George “The Iceman” Gervin didn’t even look up as he showed off his trademark move — finger-rolling basketballs into the net — while he gave a motivational talk to children in Mumbai.
“Teamwork is more than just passing the ball,” he boomed down a microphone, as ball after ball spun upwards from his bucket hands, slipped easily through the hoop and bounced down off the court.
“It’s about communication,” the 58-year-old former San Antonio Spurs and Chicago Bulls star told the 70 or so boys and girls sat cross-legged on the ground in front of him, none of whom would have seen him in his prime.
Neverthless, his presence — 2.01m of it — and his shooting skills left a deep impression.
“I’m very much interested in basketball now,” said Amir Hussein, a slight-looking 15-year-old in sports kit. “I want to keep playing and play for India.”
“I want to become Katie,” added Zeba Ansari, a 12-year-old schoolgirl, after cheering as the Washington Mystics’ Katie Smith took on Gervin in a best of 10 shots.
The youngsters’ enthusiasm was exactly what NBA officials wanted to see, as they look to capitalize on the sport’s increasing popularity in cricket-mad India.
Gervin and Smith are on a week-long visit to coach classes in Mumbai and New Delhi as part of a US government-sponsored scheme to promote education and life skills through sport, particularly among the underprivileged.
Current and former NBA and Women’s National Basketball Association (WNBA) players are also due to travel to the Dominican Republic, Haiti, the Republic of the Congo, Uzbekistan and Venezuela this year.
The program is part of US Secretary of State Hillary Rodham Clinton’s “smart power diplomacy,” which aims to promote greater understanding between people through softer aspects of US power such as sport, education and culture.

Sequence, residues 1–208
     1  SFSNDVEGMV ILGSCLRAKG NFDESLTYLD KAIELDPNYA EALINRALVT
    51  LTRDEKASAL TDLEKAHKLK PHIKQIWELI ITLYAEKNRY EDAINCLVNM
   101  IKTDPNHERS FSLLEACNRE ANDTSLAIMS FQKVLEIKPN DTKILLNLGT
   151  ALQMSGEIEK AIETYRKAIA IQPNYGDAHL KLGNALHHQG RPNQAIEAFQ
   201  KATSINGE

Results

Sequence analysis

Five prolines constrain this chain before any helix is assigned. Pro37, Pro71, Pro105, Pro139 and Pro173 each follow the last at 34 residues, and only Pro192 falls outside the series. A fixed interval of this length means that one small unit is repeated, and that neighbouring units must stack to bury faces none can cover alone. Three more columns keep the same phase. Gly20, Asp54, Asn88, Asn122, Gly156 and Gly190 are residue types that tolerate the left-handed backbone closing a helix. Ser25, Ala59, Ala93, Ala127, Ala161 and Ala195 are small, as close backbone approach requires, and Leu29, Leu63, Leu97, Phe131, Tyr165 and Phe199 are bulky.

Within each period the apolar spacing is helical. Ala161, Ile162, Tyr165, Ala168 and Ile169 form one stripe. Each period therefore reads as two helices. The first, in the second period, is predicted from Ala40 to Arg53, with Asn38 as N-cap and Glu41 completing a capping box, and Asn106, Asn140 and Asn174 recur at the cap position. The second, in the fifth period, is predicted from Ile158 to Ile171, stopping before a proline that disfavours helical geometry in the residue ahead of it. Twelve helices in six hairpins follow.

“It’s good to see that when you come around the world that you have people who care about kids,” said Gervin, who runs similar programs for deprived youngsters in San Antonio, Texas.
“All we want to do is encourage them, educate them, build up their self-esteem and their confidence and let them know that they can become anything they want to be,” he said.
The NBA is building its presence in India and is currently involved with the country’s largest multi-city basketball league, which this year involves some 6,000 players from 13-year-olds to adults in five cities.
But they also aim to identify potential stars of the future, with the law of averages suggesting that India must have a vast pool of untapped sporting talent among its 1.18 billion people.
“We’re trying to spot talent, getting them to the next level where they need to be, whether that’s state or national,” NBA India director Troy Justice said.
One male player was found in a local league in the northern city of Amritsar and sent for training with the Indian national team, while another potential gem, Satnam Singh Bhamara, was discovered in Punjab state, he said.
Farmer’s son Bhamara is 15 and 2.13m tall. He is currently training at a sports academy in Bradenton, Florida.
Justice expects that in the same way that Chinese players have made in-roads into the sport in the US, one day an Indian will play in the NBA.
“We’re very confident that this will happen,” he said. “In basketball there’s a saying that quickness beats height. In India I’ve found quickness and I’ve also found height ... There’s so many diamonds out there and they need to be discovered.”